Analysis – The more competitive the season, the more bums on seats

Most rugby league commentators wouldn’t know what a linear regression is or how do one. I’m no different but I do like to compare two variables and see if they’re correlated. A scatter plot with a linear trendline and an R-squared – remember R-squared goes from 0, no correlation, to 1, perfect correlation; I usually need at least 0.2 to raise an eyebrow – is all I need to keep me entertained for hours on end.

Last week, we looked the concept of competitiveness and how to measure it. This week, I want to see if (more or less) competitiveness impacts on other aspects of the game. Using my preferred ratings gap as a proxy for how competitive a season is, this post looks at a few variables to see if they’re correlated.

If you want a specific variable looked at, give me a yell.

Draws

Surprisingly, there’s no link between the number of draws and how competitive the season is. There’s basically a correlation of nothing with an R-squared of 0.03 . I think draws are more about the specific teams in question and I think golden point may play a role but the overall season competitiveness doesn’t matter.

As an aside, it appears that the number of draws are increasing over time. I’ve looked into it and basically, that’s not a thing. Yet. 2016 was a particularly bad year and maybe if 2017 continues on trend, then we may be able to establish there’s something happening but we’ll have to wait and see.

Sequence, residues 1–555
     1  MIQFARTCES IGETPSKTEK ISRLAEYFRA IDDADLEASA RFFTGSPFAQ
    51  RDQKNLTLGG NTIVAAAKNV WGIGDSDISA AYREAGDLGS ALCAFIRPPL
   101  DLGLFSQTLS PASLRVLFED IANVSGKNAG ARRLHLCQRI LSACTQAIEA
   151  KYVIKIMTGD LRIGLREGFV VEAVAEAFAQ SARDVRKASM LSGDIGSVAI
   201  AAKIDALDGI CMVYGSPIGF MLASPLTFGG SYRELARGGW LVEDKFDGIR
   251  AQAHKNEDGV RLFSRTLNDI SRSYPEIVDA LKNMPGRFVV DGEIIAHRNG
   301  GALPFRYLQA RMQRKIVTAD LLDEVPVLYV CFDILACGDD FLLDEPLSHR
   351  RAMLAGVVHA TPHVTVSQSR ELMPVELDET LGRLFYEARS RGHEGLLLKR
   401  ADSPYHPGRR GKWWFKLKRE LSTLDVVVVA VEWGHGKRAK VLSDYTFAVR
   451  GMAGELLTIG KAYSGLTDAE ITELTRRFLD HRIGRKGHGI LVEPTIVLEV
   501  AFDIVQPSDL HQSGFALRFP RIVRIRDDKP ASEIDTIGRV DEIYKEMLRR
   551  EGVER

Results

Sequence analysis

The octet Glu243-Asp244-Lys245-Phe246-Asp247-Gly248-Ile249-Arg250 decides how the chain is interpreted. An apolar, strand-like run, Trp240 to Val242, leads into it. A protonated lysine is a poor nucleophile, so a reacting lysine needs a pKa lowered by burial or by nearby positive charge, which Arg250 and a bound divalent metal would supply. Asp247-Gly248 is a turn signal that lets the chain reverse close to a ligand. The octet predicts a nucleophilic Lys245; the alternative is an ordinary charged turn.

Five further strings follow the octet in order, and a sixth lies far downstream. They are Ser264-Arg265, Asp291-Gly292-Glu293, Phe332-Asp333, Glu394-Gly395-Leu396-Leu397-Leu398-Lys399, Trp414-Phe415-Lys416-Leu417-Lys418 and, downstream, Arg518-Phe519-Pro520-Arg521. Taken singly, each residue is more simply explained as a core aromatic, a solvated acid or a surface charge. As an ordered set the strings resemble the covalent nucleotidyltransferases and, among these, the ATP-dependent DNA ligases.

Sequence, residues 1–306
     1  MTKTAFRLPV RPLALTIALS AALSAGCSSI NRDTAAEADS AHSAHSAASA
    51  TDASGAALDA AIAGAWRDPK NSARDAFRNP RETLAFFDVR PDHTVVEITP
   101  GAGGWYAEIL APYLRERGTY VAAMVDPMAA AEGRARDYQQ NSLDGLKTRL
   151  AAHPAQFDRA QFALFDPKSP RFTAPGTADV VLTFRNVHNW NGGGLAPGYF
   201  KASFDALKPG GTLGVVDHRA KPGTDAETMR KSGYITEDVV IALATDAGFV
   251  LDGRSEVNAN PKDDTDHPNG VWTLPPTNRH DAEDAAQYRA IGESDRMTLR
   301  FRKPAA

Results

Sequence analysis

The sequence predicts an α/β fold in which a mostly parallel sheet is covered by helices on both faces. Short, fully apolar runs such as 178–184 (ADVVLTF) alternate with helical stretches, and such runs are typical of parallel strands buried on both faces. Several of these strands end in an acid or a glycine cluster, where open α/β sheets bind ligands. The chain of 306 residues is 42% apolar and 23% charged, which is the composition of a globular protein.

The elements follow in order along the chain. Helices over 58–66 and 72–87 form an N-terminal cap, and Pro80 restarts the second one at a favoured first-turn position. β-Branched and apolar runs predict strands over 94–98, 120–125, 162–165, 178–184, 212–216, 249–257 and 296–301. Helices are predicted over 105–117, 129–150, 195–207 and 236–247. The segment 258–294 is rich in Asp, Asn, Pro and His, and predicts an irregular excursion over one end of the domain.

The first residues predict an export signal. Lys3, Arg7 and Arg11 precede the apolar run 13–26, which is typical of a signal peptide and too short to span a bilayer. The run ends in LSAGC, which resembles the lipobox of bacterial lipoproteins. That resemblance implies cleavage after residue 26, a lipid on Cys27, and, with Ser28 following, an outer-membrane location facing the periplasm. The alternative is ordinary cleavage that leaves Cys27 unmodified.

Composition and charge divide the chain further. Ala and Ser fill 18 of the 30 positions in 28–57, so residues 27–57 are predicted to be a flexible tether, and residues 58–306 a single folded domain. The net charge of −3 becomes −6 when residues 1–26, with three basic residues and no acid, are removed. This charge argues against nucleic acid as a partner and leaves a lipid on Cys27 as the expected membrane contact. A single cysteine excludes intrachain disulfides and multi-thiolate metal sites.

Points scored

I had to adjust it for point scored across the season per regular season game but there’s no correlation between competitiveness and points scored. They’re independent of each other.

Attendance

Look, I’ve know I’ve gone on about attendance this year, but this is interesting. Promise. The more competitive the season, the more people turn up. This relationship holds even if you remove an outlier year like 1998, which had really poor attendance due to an excess of games and it immediately followed the Super League shemozzle.

It folds in nicely to some work done by Tony Corke for the AFL. We see that people prefer to attend games where there’s a bit of uncertainty. If it’s expected to be a lopsided flogging, people stay home compared to when there’s a chance of it going either way, i.e. when its competitive.

If the NRL wants more bums on seats, all it has to do is tighten up the competition. Introducing a spending cap on performance would go a long way to evening it up.